I think it turned out okay.

Wouldn’t you agree?


Friday, December 2, 2011

Clases de Espanol

Midterm presentations for Dia de los Difuntos (below), Miss Cuenca contest (above), etc.

Playing games in our Spanish class


Final presentations (in the addition that was build during our time there!)


Learning Spanish by using Chippendale playing cards: "El hombre tiene un grande...erm...brazo."

If you couldn't tell for my writing already, Spanish has been a serious challenge for me. I've always been so proficient at English my whole life, I thought that maybe I'd have the same knack for picking up Spanish. I mean, I didn't have too hard of a time with Latin (even if it is a dead language) and since Latin was the base for the Romance languages, I thought I'd be on the way to an A at Amauta!

Wrong.

It's the end of the semester and it's abundantly clear that I will not be receiving an A in Spanish. It's pretty clear I will be lucky to receive even a B. For me, Little Miss Goodie-Straight-A-Two-Shoes, that's a pretty depressing thought. But am I going into convulsions and conniptions over it? Am I having panic attacks and crying fits? Nope. I even went to the coast instead of studying harder for the final exam.

What in the world has come over me?

This trip has done many things for me, but one of them is definitely to mellow me out as far as grades go. An A is just an A. A B is just a B. Heck, as long as I don't fail outright, it really won't matter next year, let alone ten years from now. I really won't remember writing perfect grammatical sentences in response to Lagrimas de Angeles, potentially the most depressing book in the Spanish language (about street children who are drugged and essentially pimped out to sell gum and candy). I WILL remember sitting at the kitchen table with Mama Isa pointing to random things in the room and repeating the name in Spanish. I WILL remember getting lost once in a cab because I couldn't give directions well and never, ever making the same mistake twice. I WILL remember using Chippendale playing cards to compare men in Spanish. I WILL remember that you never, ever say "Estoy excitamente!" and think that you're saying you're looking forward to an event, or say "Tengo huevos" and think you're just saying you have eggs.

That's authentic education, isn't it?

Amauta is a cozy building that provides couches, computers, snacks, sanity, and even an over-nighter if necessary. Narcissa and Myra and the other teachers are so friendly, so helpful when we're lost and confused, so helpful with cultural connections and English when we're lost. Many a fun hour has been spent here (though the least fun were definitely my hours struggling with Spanish) and I will miss it to be sure.

I can now proudly say that I speak with great fluency...


Spanglish.

Despedida

Dancing!


Playing games


Our Spanish class with Profesora Isabel


Me and Mama Isa

Amauta threw a goodbye party for us on one of our last days. All of the host parents, teachers, and students were invited to the countryside home (in El Valle) of Dr. Melampy's host family. The house is seriously gorgeous. I have never been to Dr. Melampy's host home in Cuenca proper but if this is what their "country" home looks like, I imagine it's pretty damn big. We had a big lunch and danced for a while with our host families and teachers.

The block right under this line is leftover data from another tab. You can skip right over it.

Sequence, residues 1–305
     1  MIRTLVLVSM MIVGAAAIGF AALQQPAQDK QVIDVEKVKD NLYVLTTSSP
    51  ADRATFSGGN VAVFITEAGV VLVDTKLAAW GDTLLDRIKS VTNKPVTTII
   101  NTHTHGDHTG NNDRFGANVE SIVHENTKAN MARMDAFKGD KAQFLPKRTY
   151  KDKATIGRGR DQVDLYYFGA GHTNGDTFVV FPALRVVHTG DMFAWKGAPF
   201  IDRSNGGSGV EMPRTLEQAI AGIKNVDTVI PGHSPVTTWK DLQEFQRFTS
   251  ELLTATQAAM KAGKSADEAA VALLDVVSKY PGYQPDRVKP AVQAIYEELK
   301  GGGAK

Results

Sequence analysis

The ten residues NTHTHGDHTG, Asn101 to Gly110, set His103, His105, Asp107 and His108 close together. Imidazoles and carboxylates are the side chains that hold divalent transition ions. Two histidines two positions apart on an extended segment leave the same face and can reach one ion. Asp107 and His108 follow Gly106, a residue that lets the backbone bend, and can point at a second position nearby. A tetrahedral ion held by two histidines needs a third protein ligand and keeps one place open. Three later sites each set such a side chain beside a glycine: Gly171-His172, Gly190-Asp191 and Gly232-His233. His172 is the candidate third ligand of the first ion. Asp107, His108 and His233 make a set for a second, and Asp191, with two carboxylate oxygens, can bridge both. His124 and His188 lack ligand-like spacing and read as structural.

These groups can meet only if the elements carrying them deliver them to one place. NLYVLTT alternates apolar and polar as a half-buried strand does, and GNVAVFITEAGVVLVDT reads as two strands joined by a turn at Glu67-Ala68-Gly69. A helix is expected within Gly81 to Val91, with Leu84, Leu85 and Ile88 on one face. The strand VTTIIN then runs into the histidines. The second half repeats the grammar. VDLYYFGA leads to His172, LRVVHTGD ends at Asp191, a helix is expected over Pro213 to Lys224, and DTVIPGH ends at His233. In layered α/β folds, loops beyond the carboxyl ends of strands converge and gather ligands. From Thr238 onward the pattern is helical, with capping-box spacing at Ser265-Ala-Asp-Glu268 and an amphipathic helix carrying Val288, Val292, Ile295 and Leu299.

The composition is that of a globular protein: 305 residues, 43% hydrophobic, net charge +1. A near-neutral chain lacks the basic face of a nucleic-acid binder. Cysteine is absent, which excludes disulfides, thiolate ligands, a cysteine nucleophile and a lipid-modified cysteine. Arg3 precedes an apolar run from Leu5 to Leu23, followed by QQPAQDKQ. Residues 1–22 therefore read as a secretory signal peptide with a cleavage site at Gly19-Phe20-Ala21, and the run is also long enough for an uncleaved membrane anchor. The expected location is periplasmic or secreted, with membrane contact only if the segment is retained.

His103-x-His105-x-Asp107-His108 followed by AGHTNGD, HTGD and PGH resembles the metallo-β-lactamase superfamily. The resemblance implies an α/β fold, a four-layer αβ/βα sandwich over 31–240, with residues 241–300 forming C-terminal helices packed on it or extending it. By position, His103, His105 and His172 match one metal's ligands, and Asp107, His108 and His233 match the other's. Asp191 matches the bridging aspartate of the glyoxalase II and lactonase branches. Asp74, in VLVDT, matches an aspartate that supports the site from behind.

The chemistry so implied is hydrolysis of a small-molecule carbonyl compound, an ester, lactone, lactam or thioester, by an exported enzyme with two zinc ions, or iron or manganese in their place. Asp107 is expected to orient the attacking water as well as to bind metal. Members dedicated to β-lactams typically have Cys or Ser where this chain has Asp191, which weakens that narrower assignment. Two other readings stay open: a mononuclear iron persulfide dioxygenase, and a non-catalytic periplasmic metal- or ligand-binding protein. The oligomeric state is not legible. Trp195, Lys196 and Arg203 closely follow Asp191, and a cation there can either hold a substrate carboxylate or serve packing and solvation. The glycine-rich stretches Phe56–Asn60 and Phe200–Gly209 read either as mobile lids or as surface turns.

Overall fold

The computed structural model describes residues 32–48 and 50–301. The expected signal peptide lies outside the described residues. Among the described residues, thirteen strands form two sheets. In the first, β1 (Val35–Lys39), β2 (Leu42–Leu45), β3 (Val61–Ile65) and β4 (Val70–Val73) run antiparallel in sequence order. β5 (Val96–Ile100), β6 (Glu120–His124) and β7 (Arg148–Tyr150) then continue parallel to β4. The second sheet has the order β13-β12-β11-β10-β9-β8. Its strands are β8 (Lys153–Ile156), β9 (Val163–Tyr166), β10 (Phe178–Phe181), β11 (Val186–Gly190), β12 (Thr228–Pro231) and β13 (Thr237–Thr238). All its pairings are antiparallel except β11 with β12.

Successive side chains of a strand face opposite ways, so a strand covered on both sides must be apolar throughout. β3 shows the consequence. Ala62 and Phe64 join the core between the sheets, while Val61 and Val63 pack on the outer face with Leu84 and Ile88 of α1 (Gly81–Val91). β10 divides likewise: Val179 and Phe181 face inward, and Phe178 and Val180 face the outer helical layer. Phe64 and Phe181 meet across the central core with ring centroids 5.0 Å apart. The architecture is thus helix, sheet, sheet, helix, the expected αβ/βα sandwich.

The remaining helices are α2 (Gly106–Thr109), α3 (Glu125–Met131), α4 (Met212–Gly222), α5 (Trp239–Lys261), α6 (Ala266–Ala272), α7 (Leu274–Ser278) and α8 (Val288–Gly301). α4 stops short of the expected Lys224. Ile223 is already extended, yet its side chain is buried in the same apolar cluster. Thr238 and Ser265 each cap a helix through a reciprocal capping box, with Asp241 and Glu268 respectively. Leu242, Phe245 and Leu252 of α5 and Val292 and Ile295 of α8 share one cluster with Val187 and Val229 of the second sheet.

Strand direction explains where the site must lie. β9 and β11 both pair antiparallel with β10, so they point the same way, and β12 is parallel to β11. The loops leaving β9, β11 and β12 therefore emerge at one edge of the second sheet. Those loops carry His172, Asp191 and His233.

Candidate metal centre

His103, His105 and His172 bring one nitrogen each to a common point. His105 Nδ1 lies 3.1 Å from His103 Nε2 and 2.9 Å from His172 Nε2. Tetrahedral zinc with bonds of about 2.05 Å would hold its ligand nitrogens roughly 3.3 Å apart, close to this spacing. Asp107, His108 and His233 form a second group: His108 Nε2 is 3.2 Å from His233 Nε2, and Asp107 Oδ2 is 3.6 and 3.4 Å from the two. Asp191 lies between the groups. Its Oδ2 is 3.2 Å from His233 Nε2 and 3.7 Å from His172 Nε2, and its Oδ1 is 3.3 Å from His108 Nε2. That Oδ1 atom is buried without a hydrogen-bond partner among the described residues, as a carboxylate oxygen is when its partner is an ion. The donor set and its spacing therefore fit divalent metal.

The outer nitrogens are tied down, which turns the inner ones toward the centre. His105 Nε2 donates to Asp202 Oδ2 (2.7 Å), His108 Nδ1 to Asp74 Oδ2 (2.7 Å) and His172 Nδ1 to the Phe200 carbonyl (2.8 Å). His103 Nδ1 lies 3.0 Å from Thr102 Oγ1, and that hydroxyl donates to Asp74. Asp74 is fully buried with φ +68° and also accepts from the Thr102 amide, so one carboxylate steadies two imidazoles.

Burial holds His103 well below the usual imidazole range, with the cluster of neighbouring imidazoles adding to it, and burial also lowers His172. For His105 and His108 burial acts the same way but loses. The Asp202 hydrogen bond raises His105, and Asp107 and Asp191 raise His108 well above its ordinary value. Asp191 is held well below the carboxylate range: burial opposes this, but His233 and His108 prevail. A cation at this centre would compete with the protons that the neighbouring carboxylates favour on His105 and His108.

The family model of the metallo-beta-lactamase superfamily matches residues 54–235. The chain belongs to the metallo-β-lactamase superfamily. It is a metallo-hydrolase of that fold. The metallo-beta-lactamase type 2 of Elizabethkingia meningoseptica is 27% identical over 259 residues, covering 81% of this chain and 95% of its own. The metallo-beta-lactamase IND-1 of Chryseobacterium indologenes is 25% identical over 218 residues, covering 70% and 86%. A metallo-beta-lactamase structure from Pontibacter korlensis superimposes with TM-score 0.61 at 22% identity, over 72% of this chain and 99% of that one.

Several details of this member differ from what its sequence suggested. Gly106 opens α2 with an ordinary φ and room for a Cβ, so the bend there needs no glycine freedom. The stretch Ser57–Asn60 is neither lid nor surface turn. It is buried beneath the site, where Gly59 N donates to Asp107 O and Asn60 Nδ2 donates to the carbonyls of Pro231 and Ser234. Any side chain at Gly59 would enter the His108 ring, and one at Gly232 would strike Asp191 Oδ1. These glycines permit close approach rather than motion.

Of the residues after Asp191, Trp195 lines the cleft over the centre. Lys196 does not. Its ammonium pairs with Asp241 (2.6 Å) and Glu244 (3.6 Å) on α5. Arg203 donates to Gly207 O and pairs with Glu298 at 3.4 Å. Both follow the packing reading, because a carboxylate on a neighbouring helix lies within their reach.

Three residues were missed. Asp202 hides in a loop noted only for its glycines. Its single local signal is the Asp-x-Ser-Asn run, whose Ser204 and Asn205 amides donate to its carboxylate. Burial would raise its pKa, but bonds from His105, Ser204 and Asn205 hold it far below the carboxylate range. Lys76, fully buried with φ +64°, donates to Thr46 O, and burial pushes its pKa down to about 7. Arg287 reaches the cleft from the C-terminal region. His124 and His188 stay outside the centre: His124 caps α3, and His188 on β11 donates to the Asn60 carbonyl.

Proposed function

A lot of families in Cuenca have maids. I don't mind not having one in my own home but I wonder how Mama Isa can clean the entire, massive place by herself. I help where I can but she always shoos me away after a little bit. This family probably has like 3 for each home.

It's bittersweet coming to the end of this amazing journey and the whole time there was this nagging twist in my stomach that makes me realize how torn I am. On one hand, the machismo and the rare but obvious anti-American sentiments are getting really old.

On the other hand, I am in love with this city and this country--head over heels, topsy-turvy, punch-drunk, irrevocably in love with it.

Maybe it's...

the flowers in colors that Crayola couldn't come up with,

the grime of a city that's alive which turns my snot black,

the blue-plum mountains cradling the city,

the taxis and buses and cars that whiz by and break-neck speed and make you play frogger--even when you've got the right of way to cross the street,

the four rivers that tuck in the narrow streets and Old World buildings,

the cobble-stone avenues,

the warm aroma of bread,

the stray dogs,

the now-familiar faces,

the peace of the walk Antonia and I share--often in solicitous silence--to school,

the way ketchup is pink and too sweet,

the way my host mother hugs me after a long day,

the way my host uncle teases me for developing a taste for the national beer,

the way everything shuts down for a soccer game,

the way Ecuadorians have no personal bubble and draw you in for an embrace and a kiss,

the rhythm of salsa and Pitbull that reverberate equally,

the rhythm of the city, buzzing, teeming, vibrating with life,

the clear mornings, the brief rain, the hot afternoons, and the Southern cross in the night sky,

the rice that is serve with everything,

the thrill of eating things you never quite know the origins of,

the way it doesn't even matter,

the fruits in shapes you didn't know could exist in nature,

the sound of the Tomebamba at night,

the way Cuencanas dress to the nines to run out to get a loaf of bread,

the blues, yellows, peaches, reds, oranges, and purples that defy America's ever-present beige decorating scheme,

the keys I hung around my neck for safe keeping that open the squeaky, stubborn, gate at 4 AM,

the car alarms that have fallen into a predictable song: honkhonkhonkhon, WEEoohWEEoohWEEooh, waaaaAAAHwaaaaHHHwaaaAHH, ER-ER-ER-ER, pyewpyewpyewpyew,